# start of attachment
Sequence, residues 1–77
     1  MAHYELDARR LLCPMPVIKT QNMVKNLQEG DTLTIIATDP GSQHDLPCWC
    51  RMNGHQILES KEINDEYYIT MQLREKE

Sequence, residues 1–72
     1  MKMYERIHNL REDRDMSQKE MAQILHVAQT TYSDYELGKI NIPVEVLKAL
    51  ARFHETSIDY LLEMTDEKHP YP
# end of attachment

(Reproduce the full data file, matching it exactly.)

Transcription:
Sequence, residues 1–77
     1  MAHYELDARR LLCPMPVIKT QNMVKNLQEG DTLTIIATDP GSQHDLPCWC
    51  RMNGHQILES KEINDEYYIT MQLREKE

Sequence, residues 1–72
     1  MKMYERIHNL REDRDMSQKE MAQILHVAQT TYSDYELGKI NIPVEVLKAL
    51  ARFHETSIDY LLEMTDEKHP YP